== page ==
An ode to the fictitious village of Tiragalong, the cities of Jozi and the D
Work-Detroit Gallery, Detroit, MI
24 October – 08 November 2008
I had a very fulfilling show at the Work-Detroit gallery at the corner of Woordward avenue and Martin Luther Ling Jr road. Fulfilling because as an ambitious show that forged similarities between the rural village of Ga-Molepo, where I grew up, Jozi, where I live and my very temporal Detroit residence, engaging conversations around the issue of place emerged. And I am happy to have had my first solo show in the homeground of Dilla dog!
My body of work was inspired in part by the late Phaswane Mpe’s Welcome to Our Hillbrow. In terms of structure, Mpe set his characters in three places, Oxford, Johannesburg and Tiragalong [fictionized village in ga-Molepo, Polokwane]. I borrowed some of the issues raised in the book, such as xenophobia, witch-hunting HIV and death of youth. My show further went on to deal with landscapes of pain and trauma, and the youth’s inheritance of these spaces that we find ourselves in. For Tshepo celebrates those who reshape these post-colonial landscapes and architecture.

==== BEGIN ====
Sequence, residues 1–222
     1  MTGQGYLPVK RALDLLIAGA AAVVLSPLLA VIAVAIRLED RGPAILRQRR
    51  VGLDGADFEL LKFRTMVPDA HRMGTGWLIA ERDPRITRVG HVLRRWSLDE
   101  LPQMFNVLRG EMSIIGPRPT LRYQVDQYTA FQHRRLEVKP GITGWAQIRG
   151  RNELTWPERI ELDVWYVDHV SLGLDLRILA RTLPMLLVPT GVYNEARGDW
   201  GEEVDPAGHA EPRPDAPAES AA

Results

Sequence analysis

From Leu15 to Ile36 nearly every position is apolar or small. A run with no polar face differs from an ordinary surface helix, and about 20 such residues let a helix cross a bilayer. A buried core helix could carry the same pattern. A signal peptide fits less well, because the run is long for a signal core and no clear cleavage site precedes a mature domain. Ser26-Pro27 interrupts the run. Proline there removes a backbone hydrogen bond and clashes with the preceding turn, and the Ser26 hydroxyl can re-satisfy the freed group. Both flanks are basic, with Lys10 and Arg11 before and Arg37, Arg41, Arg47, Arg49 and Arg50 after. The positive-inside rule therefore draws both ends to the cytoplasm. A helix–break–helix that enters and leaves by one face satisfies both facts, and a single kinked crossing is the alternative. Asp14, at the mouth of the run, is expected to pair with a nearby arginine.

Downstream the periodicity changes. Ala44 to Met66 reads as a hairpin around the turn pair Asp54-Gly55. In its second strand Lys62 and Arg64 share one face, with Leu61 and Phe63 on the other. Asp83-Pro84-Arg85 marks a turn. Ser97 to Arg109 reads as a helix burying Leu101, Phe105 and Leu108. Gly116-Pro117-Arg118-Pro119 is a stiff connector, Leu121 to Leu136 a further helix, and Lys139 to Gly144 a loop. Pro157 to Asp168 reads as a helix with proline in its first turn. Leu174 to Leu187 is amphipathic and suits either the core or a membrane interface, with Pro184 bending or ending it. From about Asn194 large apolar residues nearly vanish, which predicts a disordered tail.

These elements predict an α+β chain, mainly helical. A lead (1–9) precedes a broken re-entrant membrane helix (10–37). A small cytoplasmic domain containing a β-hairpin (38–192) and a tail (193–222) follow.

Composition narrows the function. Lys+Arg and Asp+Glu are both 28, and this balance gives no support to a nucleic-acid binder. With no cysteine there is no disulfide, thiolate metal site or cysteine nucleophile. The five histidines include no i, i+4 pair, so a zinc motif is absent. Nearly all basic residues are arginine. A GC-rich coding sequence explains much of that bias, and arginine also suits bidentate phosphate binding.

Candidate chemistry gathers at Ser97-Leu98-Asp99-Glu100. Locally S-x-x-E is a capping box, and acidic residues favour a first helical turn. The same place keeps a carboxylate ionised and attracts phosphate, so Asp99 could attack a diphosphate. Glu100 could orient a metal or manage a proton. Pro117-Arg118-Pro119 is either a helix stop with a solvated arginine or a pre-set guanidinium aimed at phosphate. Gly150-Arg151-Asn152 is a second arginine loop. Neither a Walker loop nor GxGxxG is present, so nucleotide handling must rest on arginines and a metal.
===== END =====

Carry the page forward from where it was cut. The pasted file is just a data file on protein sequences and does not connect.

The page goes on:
Tshepo is a character in Welcome to Our Hillbrow, whose death sparks a series of tragic events. Tshepo is also a deeply troubled soul in K. Sello Duiker’s The Quiet Violence of Dreams. Tshepo is a Sotho name for Hope. My body of work is trying to be romantic, nostalgic and hopeful about our otherwise troubled neighbourhoods under threat of capitalism, global warming and diminishing resources.
My show was also inspired by music, hip hop and jazz. Rhythm and improvisation, rhyme and freestyle in jazz and hip hop respectively. The motif of order and disorder, pattern and chaos, is a constant thread that speaks of the stark contrasts of our spaces and reminds us that it is that malleable ‘space’ in-between that offers an opportunity for rebirth, for true retribution.
I Hope to bring this show to Jozi and Polokwane.
love, peace and guidance